Fossil fuels and free speech: both have a price

Fossil fuels and free speech: both have a price

There is often a price to opposing a company town’s corporate master.

surface coal mine in Gillette, Wyoming

Surface coal mine in Gillette, Wyoming. © 2008 Greg Goebel (CC BY-SA 2.0)

© 2008 Greg Goebel (CC BY-SA 2.0)


The Sierra Club’s anti-coal slogans include:

Coal: Party Like It’s 1899

Coal: It's Called a Fossil Fuel For a Reason

Coal: The Other Second-Hand Smoke

Gallows humor is funny, unless it’s your neck in the noose. Until recently, my opposition to fossil fuels was more idealistic than concrete. Like anyone concerned about anthropogenic climate change, I found it easy to call for the “end of coal”—until it struck close to home.

In Wyoming, March 31, 2016 was Black Thursday. With the price of coal plummeting, the nation’s two largest coal companies paid their executives large bonuses and laid off nearly 500 miners. In Laramie, my UU fellowship’s social action committee continued to ally with the Citizens’ Climate Lobby, but they also opened a dialogue about caring for unemployed miners and their families. I was proud that we took a moral stance in a complex situation playing out on the other side of the state. Then, the end of coal came home on May 13.

Two-thirds of Wyoming’s revenues come from fossil fuels—and state monies are the largest source of support to the University of Wyoming. So, the governor cut $45 million from the university’s budget. The administration was told to develop “worst case” plans. And I was told that unless alternatives could be found, I’d be terminated in 2018—along with all the other staff and faculty, tenured or not, in the Department of Philosophy.

Why would a university eliminate philosophy? It could be that we’re small (philosophy is a notoriously difficult subject, so we don’t have hundreds of majors or award plentiful A’s); or we’re expendable (despite being vital to a credible university, few other programs strictly require our courses); or we’re dangerous (critical thinking threatens power structures).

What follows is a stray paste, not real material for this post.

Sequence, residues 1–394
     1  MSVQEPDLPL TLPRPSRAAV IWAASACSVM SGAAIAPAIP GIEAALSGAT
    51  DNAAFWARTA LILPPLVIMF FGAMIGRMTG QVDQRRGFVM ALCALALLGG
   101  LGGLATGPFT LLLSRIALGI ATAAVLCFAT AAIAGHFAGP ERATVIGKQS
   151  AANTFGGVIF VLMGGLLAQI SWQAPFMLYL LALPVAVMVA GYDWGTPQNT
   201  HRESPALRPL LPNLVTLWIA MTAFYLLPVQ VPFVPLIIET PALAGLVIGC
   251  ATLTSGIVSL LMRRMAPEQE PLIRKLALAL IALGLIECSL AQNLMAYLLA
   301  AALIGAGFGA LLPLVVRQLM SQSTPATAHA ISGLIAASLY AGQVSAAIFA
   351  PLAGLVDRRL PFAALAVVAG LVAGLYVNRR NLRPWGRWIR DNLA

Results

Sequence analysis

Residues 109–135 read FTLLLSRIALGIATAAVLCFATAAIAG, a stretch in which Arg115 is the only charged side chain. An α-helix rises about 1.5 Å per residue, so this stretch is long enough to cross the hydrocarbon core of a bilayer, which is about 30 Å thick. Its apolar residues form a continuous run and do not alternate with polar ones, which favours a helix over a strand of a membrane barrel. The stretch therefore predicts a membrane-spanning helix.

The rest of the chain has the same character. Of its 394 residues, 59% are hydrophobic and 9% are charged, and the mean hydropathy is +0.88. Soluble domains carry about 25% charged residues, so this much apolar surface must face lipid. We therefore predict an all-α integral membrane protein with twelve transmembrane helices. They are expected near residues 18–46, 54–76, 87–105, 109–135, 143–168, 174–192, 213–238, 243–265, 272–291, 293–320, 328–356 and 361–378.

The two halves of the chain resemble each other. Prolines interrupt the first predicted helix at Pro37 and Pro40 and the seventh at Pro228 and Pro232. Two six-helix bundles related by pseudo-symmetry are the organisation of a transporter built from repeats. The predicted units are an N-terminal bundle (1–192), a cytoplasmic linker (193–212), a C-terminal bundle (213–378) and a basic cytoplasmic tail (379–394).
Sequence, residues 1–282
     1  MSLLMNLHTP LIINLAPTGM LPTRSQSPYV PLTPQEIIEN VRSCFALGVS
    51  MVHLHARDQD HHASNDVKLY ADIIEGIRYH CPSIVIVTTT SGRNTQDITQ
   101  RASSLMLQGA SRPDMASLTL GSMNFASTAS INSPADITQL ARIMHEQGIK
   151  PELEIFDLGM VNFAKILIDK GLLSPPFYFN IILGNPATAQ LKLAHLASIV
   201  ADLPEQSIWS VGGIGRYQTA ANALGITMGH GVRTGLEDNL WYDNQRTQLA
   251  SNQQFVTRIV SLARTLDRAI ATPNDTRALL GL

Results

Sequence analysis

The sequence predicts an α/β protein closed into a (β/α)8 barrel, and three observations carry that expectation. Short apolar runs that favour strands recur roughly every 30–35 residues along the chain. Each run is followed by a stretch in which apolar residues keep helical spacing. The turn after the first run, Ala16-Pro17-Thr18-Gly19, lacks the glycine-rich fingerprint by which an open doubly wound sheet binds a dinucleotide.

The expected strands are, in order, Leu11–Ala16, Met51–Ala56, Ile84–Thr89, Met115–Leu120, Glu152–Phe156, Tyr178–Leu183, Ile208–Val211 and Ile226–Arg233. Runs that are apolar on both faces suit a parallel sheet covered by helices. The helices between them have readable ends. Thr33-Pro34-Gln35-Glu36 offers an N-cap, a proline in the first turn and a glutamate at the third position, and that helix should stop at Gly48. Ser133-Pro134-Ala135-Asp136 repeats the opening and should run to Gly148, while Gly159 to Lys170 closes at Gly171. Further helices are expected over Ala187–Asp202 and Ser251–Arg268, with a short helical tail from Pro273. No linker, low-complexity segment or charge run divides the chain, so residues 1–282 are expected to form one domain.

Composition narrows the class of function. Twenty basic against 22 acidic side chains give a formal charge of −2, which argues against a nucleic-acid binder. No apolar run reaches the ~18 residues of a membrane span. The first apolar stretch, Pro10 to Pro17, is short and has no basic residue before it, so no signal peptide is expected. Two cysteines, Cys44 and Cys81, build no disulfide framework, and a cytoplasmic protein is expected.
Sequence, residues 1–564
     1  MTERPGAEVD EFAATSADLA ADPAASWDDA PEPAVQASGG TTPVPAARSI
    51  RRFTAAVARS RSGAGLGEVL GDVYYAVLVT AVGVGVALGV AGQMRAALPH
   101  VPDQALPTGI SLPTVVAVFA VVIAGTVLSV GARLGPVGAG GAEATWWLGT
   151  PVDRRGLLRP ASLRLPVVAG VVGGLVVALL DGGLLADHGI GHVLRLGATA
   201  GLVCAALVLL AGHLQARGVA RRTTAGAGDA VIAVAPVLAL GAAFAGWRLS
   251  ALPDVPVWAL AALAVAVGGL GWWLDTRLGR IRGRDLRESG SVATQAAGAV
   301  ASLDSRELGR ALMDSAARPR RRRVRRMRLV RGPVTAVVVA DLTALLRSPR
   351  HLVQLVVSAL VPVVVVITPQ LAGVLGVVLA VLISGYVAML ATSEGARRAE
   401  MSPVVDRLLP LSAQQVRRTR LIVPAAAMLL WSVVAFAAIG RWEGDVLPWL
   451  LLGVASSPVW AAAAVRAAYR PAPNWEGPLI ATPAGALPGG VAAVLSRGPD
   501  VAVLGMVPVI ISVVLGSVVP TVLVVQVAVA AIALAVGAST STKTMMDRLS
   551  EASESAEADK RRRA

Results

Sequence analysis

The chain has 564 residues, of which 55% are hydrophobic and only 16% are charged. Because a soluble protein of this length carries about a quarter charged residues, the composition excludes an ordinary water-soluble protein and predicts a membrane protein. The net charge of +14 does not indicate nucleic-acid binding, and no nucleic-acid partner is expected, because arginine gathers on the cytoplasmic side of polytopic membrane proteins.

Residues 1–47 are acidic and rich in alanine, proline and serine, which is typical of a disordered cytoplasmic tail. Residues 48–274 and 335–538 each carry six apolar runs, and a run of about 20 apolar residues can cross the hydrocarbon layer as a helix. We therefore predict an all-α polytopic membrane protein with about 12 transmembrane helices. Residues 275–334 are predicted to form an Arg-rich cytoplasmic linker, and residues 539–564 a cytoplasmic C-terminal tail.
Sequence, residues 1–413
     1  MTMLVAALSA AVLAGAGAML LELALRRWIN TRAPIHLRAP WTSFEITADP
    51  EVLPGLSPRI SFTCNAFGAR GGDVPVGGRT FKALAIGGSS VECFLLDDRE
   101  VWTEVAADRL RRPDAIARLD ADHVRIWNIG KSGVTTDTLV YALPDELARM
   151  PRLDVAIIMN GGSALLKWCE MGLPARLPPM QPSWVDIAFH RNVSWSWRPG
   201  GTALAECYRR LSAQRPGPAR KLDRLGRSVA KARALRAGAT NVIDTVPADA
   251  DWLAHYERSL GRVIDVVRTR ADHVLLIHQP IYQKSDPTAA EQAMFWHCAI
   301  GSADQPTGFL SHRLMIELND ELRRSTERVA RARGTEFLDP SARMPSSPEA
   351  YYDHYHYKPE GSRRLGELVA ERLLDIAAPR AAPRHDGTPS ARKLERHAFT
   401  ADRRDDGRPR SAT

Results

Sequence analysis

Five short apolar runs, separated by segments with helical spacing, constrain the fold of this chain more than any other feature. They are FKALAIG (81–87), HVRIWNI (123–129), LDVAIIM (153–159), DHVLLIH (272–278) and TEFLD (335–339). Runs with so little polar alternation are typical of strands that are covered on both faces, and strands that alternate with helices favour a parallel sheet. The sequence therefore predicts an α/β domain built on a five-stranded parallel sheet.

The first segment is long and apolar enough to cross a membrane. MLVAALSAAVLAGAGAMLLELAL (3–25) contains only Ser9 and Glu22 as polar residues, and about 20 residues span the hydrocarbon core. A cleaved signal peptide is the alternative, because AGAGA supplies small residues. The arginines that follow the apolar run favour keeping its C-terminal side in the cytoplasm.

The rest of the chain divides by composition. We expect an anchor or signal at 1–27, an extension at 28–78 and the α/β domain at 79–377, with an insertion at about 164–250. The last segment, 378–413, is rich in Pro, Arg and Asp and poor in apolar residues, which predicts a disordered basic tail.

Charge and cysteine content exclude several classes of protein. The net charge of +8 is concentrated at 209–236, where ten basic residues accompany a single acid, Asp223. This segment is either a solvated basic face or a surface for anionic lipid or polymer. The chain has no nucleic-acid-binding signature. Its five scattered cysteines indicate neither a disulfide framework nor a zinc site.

We are, in fact, demonstrably dangerous. Harvey Hix recently published his collection of morally searing, politically critical poems, American Anger. Harvey wrote that he “lives in a state that, although in it occurred a murder notorious enough that the federal Hate Crime Prevention Act bears its victim’s name, remains one of the five states in the union with no state hate-crimes legislation.” And my book, Behind the Carbon Curtain: The Energy Industry, Political Censorship and Free Speech, is slated for release next spring. The state legislature and university administration are well aware that my research tells a grim story of how fossil fuel corporations have coerced public leaders into silencing their critics (Art & Energy: Coal's reaction to 'Carbon Sink' sculpture reveals the power of art—and the essence of education and Behind the Carbon Curtain: Art and Freedom in Wyoming).

Did exposing the collusion of energy executives and public officials paint a bull’s-eye on my department? Under pressure from corporations and the legislature, the university has fired scientists and destroyed art. Is this another warning to those who speak truth to power? If I put my colleagues in harm’s way, it was with their consent, as they courageously endorsed my work and rejected self-censorship.

The administrators and politicians will, of course, deny any connection, as they did with previous cases of censorship. And payback is probably not the whole story (the sociologists and statisticians are also on the chopping block). But there is often a price to opposing a company town’s corporate master.

Maybe this is the end of coal—and the end of my career as a university professor. But it’s not the end of my work as an ecologist-turned-philosopher. The story of power and justice is an epic tale. In expressing his faith about the rightness of abolitionism, Theodore Parker maintained:

I do not pretend to understand the moral universe; the arc is a long one, my eye reaches but little ways; I cannot calculate the curve and complete the figure by the experience of sight; I can divine it by conscience. And from what I see I am sure it bends towards justice.

For my part, I do not pretend to grasp the sociopolitical universe; my eye reaches only to 2018 these days. I cannot extrapolate the fate of fossil fuels or free speech. But I am sure that the arc does not bend on its own.